Dissonance in Life

The modern mind is filled with incredible amounts of cognitive dissonance. We are inundated with incredible amounts of information, especially now in the era of the internet, to the point that I don’t know if our minds can fully cope. I don’t think this idea is particularly nuanced, but I also do not believe it is very common at all (at least in my own experience). I think one of the major flaws of human thinking throughout the millenia is that we tend to view our own systems of logic and reasoning to be inherently perfect. Even those who did not believe them to be perfect at least usually thought they are fairly reliable. However, such a belief is circular. Even my argument here is circular.

For this reason, then, I find that all human reasoning seems to be circular, at bottom. It is remarkably useful, though, and it at least appears to have a rather excellent track record when we test our reasoning against the world around us and against the reasoning of others. I do not consider this to be really a profound statement at all, but it is still quite humbling to know that, regardless of how intelligent I think I might be, my knowledge cannot be known to be truth. My beliefs are likely to be founded on shaky ground that I do not understand (ground which many of us, and in cases all of us, do not understand). It therefore is, I think, imperative to be glad to hear the thoughts of others, and especially those of people who also recognize the inherent uncertainty of human reasoning.

To return to my thoughts on cognitive dissonance, I believe that the modern society (primarily in the West, with which I am most familiar) is based on an ideal that is almost utopian in thought and militant in action. To preface, I have to mention that I am a major believer in technology, in learning, and in modernity. As much as I enjoy fantasy books, I also very much like to work with computers and to drive a car and have modern medicine. Given that, I also think that we should be careful with technology. Technology should not be an end in and of itself – it should serve the greater good. (I also believe that because we all, in our participation in the economy, enable the use of technology to increase production, should all benefit similarly from that increase in production. That is another topic for another time, though.) I grow concerned that we use the tool for its own sake rather than to benefit from it somehow. Whether that is because we naturally like bright screens or we like sitting around and not doing anything active, it is something we must recognize as detrimental to human health and happiness.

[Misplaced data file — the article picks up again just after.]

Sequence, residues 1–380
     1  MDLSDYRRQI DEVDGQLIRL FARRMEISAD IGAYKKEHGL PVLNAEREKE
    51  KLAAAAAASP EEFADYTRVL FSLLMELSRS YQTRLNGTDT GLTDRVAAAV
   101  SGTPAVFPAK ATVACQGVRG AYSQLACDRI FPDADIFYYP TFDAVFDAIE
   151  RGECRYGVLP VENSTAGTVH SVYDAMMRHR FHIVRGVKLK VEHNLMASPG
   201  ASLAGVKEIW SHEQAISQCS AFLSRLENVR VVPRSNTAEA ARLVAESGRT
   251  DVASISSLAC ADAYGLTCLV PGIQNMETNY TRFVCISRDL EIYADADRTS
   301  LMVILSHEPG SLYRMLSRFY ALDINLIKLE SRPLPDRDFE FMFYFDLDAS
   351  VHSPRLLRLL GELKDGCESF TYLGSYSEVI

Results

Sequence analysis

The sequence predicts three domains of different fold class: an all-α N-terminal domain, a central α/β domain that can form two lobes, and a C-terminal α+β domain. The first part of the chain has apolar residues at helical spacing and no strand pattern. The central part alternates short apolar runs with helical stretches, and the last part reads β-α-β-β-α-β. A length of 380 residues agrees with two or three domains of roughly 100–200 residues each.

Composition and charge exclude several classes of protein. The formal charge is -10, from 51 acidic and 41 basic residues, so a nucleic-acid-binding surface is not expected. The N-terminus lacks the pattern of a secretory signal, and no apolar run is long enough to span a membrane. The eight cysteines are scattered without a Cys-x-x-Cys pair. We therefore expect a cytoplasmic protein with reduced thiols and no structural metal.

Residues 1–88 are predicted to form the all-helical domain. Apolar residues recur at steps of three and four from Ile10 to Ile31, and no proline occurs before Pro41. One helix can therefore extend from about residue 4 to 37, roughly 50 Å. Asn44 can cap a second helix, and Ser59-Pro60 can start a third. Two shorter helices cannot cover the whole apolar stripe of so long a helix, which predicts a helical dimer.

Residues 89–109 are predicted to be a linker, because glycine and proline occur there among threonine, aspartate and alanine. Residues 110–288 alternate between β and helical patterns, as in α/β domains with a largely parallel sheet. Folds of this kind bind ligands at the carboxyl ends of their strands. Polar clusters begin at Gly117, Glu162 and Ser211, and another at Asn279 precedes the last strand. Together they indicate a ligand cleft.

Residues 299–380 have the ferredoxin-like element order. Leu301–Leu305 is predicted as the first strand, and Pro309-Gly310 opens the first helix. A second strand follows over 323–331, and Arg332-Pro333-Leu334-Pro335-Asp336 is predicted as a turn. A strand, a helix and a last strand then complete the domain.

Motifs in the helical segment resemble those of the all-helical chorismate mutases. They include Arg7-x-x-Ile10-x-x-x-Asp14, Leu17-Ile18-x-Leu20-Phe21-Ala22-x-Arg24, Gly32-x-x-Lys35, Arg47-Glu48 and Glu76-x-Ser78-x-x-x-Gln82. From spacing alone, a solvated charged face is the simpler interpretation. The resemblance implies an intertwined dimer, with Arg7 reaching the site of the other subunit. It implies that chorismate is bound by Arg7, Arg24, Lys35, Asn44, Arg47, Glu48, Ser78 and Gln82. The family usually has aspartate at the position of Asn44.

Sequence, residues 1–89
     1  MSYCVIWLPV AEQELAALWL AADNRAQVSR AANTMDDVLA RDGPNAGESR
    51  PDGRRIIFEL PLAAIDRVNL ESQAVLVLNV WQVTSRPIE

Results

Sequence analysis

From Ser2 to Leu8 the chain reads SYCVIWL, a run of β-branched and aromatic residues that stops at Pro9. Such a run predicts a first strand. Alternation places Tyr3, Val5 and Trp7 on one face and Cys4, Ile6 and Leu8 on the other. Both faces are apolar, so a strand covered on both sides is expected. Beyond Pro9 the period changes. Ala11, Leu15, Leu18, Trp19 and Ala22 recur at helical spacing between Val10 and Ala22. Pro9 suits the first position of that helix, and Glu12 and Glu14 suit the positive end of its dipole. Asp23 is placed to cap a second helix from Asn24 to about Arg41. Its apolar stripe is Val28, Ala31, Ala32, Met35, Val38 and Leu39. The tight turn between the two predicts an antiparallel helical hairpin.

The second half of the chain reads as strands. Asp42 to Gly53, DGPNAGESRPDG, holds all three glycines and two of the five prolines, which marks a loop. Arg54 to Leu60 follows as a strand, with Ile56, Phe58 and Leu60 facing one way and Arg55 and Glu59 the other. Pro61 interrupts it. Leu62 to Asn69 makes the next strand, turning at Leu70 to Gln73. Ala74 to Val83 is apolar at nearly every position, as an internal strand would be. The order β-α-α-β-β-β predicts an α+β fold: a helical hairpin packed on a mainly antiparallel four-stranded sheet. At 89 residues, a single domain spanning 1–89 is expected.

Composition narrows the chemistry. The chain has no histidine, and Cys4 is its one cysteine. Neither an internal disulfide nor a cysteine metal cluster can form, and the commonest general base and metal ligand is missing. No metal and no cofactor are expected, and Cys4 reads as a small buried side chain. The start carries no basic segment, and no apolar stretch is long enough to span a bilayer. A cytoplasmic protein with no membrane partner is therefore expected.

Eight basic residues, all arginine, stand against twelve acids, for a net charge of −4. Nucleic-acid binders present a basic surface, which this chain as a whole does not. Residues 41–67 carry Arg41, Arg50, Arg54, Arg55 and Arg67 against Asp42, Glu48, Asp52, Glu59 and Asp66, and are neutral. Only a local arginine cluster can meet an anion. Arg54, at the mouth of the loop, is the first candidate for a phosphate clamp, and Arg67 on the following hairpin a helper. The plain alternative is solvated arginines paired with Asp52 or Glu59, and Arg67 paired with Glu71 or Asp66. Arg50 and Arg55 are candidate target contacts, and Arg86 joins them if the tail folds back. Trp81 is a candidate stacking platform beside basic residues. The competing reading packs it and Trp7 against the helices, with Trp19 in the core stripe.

Being constantly hooked into the system, we are susceptible to cursory understanding of things, and therefore are likely to experience cognitive dissonance. We know that television is harmful to our health, but we also love to read culture articles raving about how great House of Cards is. To create a dissonance where we want to avoid television because it is harmful but we want to watch because it’s just so good seems to create almost an anxiety (or perhaps guilt) in people. Understanding that advertisements are meant to sucker us in, and then happily humming along to tune to the advertisement we just heard, is, I think, a form of cognitive dissonance. We recognize the purpose of an advertisement and many of us are able to rebuff it, but we still allow the advertisement to achieve its purpose. The same things are used in politics constantly. When we willfully participate and legitimize a political system we know is corrupt, we create a dissonance that makes us feel entirely helpless. Others happily participate and indeed feel like they are making a positive difference (and hopefully they are!), but often they have to push those feelings of helplessness aside. Perhaps I am wrong about many people, but I think for a significant number, these examples of cognitive dissonance are reality and they are huge problems.

I don’t myself know if the society is so corrupt that there is nothing to be done. Perhaps; perhaps not. I have found that rooting out cognitive dissonance in my own mind is highly encouraging and has helped me to be happier with the world we live in. At some point I would like to post also about my thoughts on human happiness, but I think that I will also save for another time. I do truly encourage you to begin to search for evidence of cognitive dissonance in your life and try to remove it. Being consistent in my mind and in my life has helped me to both be able to analyze the elements of society I encounter, to be a better person, and to simply be happier – a very human, very ethical goal.

Advertisements
Dissonance in Life

Leave a Reply

Fill in your details below or click an icon to log in:

WordPress.com Logo

You are commenting using your WordPress.com account. Log Out / Change )

Twitter picture

You are commenting using your Twitter account. Log Out / Change )

Facebook photo

You are commenting using your Facebook account. Log Out / Change )

Google+ photo

You are commenting using your Google+ account. Log Out / Change )

Connecting to %s